In last week’s release, Bala, Bhumi Pednekar plays Lathika a strong-willed, independent lawyer who practices in Kanpur. Lathika doesn’t give two hoots about ‘log kya kahenge’. She believes women deserve to be respected and shouldn’t settle for anything else. More importantly, she strongly believes that the beauty standards women are subjected to are unfair. But Lathika had to suffer before she could wear her indifference as an armour. You see Lathika is shown to have dark skin. But guess what? Bhumi doesn’t.
This irony is just impossible to escape from. Lathika doesn’t allow fairness products in her office. She advises an older woman that she is perfectly fine the way she looks and that her extra weight isn’t an excuse for her husband to cheat on her. Well-intentioned, of course, but it feels like a sham. Every time, Lathika says, ‘You’re good as you are’, or talks about fairness or society’s skewed beauty standards, all I could think about was how unfair it is that an actor with fair skin had to be darkened for this role. It’s common knowledge that dusky women don’t get enough opportunities. And now, even roles tailor-made for them seem to be going to fair-skinned women.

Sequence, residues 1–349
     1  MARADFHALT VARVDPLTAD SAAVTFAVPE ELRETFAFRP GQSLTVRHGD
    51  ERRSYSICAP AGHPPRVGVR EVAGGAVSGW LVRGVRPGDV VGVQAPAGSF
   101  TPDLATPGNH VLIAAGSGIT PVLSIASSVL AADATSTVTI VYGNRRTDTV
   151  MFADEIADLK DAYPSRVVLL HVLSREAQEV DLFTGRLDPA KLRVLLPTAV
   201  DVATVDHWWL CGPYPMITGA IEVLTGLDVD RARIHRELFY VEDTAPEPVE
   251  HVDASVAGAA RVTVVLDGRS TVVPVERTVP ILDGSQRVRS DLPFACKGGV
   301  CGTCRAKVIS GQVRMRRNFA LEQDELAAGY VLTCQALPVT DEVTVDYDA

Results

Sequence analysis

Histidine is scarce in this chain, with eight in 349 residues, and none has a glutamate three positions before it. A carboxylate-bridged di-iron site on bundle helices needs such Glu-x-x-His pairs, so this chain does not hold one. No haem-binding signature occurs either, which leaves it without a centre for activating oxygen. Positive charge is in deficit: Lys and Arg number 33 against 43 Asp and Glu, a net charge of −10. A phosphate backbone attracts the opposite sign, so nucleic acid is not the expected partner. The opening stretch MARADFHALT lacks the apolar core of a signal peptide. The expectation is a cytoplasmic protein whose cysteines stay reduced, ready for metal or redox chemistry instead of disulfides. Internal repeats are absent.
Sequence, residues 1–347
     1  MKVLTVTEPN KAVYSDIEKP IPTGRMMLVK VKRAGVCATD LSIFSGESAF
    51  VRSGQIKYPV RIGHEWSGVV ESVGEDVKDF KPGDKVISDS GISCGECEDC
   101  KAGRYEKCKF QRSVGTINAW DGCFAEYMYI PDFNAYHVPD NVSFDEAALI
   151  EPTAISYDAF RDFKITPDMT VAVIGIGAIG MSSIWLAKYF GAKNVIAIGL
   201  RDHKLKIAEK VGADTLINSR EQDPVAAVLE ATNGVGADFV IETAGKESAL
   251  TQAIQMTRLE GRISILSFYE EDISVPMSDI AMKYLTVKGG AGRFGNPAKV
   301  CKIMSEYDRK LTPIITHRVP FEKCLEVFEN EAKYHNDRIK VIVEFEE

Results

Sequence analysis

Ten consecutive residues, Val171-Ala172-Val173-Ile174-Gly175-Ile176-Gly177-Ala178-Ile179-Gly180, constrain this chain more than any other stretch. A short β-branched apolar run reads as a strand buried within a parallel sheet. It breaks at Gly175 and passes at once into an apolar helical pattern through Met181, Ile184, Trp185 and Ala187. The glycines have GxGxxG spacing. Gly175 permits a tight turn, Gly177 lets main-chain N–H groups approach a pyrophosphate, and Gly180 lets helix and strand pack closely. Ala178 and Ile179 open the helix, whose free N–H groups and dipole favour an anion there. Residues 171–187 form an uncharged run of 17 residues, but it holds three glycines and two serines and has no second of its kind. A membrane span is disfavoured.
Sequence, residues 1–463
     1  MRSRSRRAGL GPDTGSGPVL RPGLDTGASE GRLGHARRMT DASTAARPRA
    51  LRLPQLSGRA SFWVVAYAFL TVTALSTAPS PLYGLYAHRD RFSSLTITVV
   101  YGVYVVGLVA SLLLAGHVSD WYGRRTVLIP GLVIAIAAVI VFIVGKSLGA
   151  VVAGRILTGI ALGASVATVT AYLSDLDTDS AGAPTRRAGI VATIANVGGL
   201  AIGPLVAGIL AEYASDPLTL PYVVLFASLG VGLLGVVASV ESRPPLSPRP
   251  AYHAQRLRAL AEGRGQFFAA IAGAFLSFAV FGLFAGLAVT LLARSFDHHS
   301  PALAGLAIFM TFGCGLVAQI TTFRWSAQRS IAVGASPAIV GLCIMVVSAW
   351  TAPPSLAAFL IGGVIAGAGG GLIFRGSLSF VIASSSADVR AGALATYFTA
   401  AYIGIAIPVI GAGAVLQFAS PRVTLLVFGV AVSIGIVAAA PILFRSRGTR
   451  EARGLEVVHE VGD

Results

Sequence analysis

Continue reading “Ms. Representation: All is not fair in cinema”